It’s apparent early on in Netflix’s live action One Piece that it isn’t a clean adaptation of Eiichiro Oda’s manga series or the anime. While following many of the same steps, certain details are altered to the extent that One Piece readers will still have a different experience when they watch the new series. And perhaps the greatest change to be found here is in Koby, the sheepish teen who wishes to become a part of the Navy. The live-action series makes it very clear Koby is just as much Luffy’s foil as he is his friend.
In the manga, Koby’s role expands with time, as does his importance in the overall plot. He first appears in One Piece’s introductory “Romance Dawn” arc as someone that ends up meeting Luffy and, like most people who get in contact with the dude in the Straw Hat, becomes inspired by him. Thanks to a confidence boost from the pirate, Koby stands up to his former captors and then joins the Navy. (Albeit after Luffy roughs him up a little bit to show Koby’s future employers he’s not close with any pirates. It’s sort of a justifiable beatdown.)
From then on, Koby’s role in Luffy’s life (or even in the proximity of Luffy) is sparse until later in the story. Koby trains with the Navy under the eventual apprenticeship of Vice Admiral Garp while Luffy sails through the East Blue and into the Grand Line. When they meet up again, Luffy defeats him easily, but Koby still looks up to Luffy as an aspirational symbol. Luffy doing exactly what he wants to do will always be a reminder for Koby to follow his own dreams, even if those dreams lead to Luffy punching him in the face from time to time.
In the live action series, though, Koby goes from being a side character to a supporting one immediately. He’s damn near promoted to co-lead status. Of course, this coincides with the increased prominence of the Navy in the Netflix adaptation, and the transition of Garp from Koby’s mysterious mentor to season-long pseudo antagonist. They’re both hot on the heels of the Straw Hat Crew constantly, giving us much more time to watch Koby grow and become accustomed to the Navy’s strong-arm tactics.
Putting such an intense focus on Koby changes the framing of the Navy, too. In the early One Piece manga, they’re a powerful, but often very corruptible force (as we see with “Axe-Hand” Morgan’s intense vanity and greed, and the captain who later takes bribes from the vengeful Arlong.) Within this framing, Koby is a nice kid in an organization that’s prone to being flawed. Koby becoming the Navy’s clear “next generation” of sorts in the Netflix show gives a definitively more optimistic outlook, one that matches Luffy’s dreams of finding the One Piece and being King of the Pirates.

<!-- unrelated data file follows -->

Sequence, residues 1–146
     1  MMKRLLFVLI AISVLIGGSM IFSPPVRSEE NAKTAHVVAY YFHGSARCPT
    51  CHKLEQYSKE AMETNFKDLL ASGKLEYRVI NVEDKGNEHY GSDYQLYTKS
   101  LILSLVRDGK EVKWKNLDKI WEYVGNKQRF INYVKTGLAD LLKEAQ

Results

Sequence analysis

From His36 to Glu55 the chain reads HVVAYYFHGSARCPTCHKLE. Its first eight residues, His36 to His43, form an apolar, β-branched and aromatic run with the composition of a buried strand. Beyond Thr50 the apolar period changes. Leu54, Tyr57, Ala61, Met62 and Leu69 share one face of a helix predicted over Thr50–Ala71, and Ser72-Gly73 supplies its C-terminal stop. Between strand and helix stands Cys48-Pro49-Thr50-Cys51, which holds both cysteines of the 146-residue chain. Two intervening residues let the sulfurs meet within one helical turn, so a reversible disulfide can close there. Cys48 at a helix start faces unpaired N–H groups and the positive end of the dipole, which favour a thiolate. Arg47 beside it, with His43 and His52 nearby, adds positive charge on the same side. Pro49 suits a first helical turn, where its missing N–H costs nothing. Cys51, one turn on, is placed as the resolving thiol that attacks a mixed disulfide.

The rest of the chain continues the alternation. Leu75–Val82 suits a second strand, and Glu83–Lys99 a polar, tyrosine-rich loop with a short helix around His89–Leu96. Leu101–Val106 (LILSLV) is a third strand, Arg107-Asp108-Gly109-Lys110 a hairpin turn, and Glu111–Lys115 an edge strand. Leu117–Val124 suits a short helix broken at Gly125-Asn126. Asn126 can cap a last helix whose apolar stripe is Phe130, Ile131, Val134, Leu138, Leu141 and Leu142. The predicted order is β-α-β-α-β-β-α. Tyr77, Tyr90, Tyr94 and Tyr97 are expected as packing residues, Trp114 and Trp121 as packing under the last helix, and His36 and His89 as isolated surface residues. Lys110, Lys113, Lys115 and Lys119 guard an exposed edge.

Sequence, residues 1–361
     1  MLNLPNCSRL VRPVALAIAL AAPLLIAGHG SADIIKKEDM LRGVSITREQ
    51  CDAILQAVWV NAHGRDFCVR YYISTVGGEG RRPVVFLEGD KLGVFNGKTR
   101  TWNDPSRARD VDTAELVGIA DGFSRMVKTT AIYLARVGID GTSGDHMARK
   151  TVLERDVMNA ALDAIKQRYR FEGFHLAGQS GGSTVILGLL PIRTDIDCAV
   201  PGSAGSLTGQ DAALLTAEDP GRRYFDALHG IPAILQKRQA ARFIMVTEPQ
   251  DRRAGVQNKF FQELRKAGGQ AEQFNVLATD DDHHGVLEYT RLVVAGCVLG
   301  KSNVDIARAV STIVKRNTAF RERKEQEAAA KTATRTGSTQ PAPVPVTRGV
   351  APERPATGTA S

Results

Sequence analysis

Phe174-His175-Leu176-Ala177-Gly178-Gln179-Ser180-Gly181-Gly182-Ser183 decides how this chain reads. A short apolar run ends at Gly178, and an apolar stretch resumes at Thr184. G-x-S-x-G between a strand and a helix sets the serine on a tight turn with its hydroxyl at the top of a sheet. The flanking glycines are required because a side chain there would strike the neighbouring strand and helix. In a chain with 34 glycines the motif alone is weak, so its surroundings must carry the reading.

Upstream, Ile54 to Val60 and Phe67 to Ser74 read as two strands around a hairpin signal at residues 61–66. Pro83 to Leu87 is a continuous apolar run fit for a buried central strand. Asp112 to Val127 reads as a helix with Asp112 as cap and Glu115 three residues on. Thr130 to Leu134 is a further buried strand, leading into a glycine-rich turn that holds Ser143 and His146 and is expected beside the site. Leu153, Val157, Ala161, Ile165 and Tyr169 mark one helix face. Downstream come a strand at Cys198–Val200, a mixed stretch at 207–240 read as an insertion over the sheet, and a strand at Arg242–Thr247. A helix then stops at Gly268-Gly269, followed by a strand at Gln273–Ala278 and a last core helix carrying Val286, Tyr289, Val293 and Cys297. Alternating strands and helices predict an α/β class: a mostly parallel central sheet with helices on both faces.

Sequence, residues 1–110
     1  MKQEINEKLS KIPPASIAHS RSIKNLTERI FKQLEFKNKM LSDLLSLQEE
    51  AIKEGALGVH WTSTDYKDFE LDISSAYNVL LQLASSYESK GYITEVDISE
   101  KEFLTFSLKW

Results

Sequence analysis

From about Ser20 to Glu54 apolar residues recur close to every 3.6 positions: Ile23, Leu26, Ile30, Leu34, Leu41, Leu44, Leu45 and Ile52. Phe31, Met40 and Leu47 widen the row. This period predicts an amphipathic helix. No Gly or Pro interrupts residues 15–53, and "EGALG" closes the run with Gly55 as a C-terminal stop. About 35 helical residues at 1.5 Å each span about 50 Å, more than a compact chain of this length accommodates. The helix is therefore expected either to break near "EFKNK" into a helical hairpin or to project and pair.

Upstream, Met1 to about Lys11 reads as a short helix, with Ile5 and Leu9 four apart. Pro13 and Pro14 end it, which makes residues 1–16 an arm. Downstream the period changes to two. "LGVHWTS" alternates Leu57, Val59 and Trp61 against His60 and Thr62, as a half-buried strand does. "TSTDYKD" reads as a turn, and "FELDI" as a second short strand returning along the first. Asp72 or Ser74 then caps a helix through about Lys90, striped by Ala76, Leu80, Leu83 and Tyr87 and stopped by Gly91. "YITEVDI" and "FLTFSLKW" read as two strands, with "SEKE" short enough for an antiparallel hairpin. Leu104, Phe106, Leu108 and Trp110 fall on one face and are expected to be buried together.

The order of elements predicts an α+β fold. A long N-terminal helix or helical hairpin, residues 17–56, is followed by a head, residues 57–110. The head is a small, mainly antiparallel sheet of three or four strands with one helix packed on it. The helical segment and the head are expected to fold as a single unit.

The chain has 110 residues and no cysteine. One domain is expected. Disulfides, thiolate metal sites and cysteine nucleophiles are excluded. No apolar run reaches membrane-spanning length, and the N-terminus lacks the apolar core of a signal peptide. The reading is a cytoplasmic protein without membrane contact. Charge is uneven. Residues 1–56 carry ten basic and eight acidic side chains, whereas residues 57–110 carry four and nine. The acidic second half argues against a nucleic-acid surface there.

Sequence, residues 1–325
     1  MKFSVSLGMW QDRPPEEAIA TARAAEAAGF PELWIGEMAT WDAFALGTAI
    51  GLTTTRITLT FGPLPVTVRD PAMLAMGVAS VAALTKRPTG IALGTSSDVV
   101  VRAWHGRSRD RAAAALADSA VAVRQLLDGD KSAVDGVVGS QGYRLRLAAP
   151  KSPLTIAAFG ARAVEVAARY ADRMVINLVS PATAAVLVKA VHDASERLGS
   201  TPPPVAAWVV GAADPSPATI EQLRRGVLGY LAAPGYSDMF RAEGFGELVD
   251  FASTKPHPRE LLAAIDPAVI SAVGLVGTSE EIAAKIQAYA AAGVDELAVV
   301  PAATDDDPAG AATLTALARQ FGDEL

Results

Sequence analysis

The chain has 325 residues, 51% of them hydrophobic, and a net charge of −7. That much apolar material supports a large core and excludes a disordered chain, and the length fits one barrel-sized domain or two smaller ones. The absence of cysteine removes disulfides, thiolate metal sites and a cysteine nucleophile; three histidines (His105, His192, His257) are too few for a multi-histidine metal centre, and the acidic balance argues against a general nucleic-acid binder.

Changing the Navy from a domineering group into the flipside of pirating is far from subtext in the live-action series. Koby reminds Luffy to be a “good pirate,” while Luffy tells him to be the same in his role, their ambitions oppositional but now ethically correlative. And with Koby constantly on the chase, he has some inner turmoil to chew on from the onset, rather than just being a skinny nerd among jacked commando types.
This personal confusion about whether or not it’s right to be hunting Luffy (a pirate who saves people more often than not) solidifies a friendship that’s not as apparent in the source material. In the manga, Luffy is just happy to see Koby stand up for himself and follow his dreams. Meanwhile, the Netflix series almost bookends itself with Luffy and Koby interactions, signifying a bond that’s more outwardly amicable and less marked by Luffy’s chaotic ways. For instance, Koby doesn’t have to worry about Luffy walloping him or insulting him as much here, whereas manga Koby takes his lumps.
At this point, a continuation of the One Piece Netflix series isn’t assured, so we don’t know how much closer we’ll get to the crises of faith Koby experiences in the manga, where he reckons with the horrors of war. Nor do we know whether or not Koby will remain just as major of a character in a hypothetical season 2. But no matter where he ends up, it won’t be in the exact same place as the manga. Koby’s development into being the closest thing Luffy has to a Navy counterpart has changed the trajectory of both his character and the entire World Government.